MarkRubens/iStock(NEW YORK) — An American was among more than a dozen killed when gunfire and explosions erupted at a high-end hotel complex in Nairobi, Kenya, on Tuesday afternoon, according to the U.S. Department of State and those who knew him.
I-DEV International, a San Francisco-based strategy and investment advisory firm with an office in Kenya's capital, told ABC News on Wednesday that its founder and managing director Jason Spindler "was tragically among the fatalities."
A State Department official, who confirmed that an American was among the dead, condemned the "senseless act of violence" at the multi-use complex in Nairobi's affluent Westlands neighborhood, which includes the upscale DusitD2 hotel that's popular among foreigners. The American embassy in Nairobi is closely monitoring the incident and the State Department has offered assistance to local authorities, the official told ABC News.
Kenyan President Uhuru Kenyatta said at least 14 people were killed in Tuesday's attack.
"As of this moment, we have confirmation that 14 innocent lives were lost through the hands of these murderous terrorists, with others injured," Keyatta said in a broadcast Wednesday morning. "We are grieving as a country this morning, and my heart and the heart of every Kenyan, goes out to the innocent men and women violated by senseless violence."
Kenyan authorities said early Wednesday that all buildings within the complex have been secured and the operation to neutralize the assailants was over. Local authorities are calling the incident a terror attack.
"The security teams have evacuated scores of Kenyans and other nationalities from the buildings. We are now in the final stages of mopping up the area and securing evidence and documenting the consequences of these unfortunate events," Kenyan Cabinet Secretary for Interior Fred Matiang'i said during a press conference Tuesday night. "I can also report that the country is now secure, that the nation remains calm, that Kenyans and all of our visitors are safe and should feel free to continue getting about their normal businesses.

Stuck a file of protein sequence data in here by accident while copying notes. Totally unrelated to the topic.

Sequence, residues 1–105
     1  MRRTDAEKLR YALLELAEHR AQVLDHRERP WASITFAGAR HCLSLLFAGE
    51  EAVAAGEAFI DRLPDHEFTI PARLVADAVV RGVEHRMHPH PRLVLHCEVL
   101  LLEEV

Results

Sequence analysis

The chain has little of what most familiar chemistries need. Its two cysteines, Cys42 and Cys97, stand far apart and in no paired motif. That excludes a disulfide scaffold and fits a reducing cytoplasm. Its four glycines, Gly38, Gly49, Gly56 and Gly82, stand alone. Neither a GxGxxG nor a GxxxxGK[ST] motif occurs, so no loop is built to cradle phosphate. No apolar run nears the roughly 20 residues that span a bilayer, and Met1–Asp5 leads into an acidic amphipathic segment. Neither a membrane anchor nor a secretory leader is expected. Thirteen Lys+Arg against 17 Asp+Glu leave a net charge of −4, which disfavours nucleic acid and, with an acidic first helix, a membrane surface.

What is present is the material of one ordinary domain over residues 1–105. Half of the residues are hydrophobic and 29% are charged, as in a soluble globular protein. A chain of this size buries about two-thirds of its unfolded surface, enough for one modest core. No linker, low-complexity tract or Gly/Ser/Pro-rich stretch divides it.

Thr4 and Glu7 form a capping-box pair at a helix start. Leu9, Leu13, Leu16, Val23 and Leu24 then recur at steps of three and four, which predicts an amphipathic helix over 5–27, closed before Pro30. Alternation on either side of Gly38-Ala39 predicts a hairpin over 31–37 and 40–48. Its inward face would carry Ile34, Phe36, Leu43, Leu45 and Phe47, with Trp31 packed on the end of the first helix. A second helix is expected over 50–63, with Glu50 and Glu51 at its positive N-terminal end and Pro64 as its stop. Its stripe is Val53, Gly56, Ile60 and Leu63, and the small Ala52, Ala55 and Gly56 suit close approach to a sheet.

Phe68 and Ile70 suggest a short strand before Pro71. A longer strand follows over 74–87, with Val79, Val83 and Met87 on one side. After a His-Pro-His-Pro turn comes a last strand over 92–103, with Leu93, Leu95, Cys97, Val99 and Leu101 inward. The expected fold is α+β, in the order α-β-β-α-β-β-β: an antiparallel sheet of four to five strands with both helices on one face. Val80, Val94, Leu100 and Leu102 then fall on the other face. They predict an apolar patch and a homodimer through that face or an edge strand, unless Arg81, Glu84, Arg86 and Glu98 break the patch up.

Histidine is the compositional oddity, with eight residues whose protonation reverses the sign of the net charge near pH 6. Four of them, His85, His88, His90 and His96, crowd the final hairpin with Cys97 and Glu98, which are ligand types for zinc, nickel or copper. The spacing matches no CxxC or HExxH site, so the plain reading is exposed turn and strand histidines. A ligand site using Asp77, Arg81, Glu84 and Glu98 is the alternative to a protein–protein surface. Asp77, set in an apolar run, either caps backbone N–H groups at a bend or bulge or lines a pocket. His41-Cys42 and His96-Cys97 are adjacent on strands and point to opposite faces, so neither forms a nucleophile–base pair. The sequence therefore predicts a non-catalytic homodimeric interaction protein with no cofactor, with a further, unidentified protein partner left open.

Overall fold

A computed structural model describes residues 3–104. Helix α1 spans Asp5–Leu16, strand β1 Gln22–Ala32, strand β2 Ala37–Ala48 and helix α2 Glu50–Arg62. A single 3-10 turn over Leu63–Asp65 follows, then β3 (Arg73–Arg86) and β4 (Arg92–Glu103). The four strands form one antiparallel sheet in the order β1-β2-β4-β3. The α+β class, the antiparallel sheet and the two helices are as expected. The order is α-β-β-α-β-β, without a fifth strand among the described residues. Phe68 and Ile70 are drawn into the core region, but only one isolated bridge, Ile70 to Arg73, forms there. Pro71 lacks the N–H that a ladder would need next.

"The situation is under control, and the country is safe," Matiang'i added. "Terrorism will never defeat us."
A spokesperson for the U.S. Department of State told ABC News that "all mission personnel are safe and accounted for."
Kenya's Inspector General of Police Joseph Boinnet said in a press statement that the attack began around 3 p.m. local time when a "group of armed assailants" stormed the gated complex in Westlands. An explosion targeted three vehicles in the parking lot and a suicide bomber detonated inside the hotel foyer, where a number of guests suffered severe injuries, according to Boinnet.
Video from the scene showed the cars ablaze and wounded people being carried away.
Kenya's National Police Service deployed officers to the scene to engage the attackers who were holed up inside the luxury hotel for hours. Meanwhile, the area was cordoned off as residents were screened and evacuated, Boinnet said.
Kenyan forces went floor by floor and building by building to secure the complex, according to Boinnet.
"Specialist forces are now currently flushing them out. However, we regret to inform that there have been injuries in the attack," the police inspector general told reporters in a statement Tuesday night.
The number of people who have been injured is unknown at this time.
"We urge the public to remain calm and to cooperate with all security forces and to provide any information that they may deem as useful," Boinnet added.
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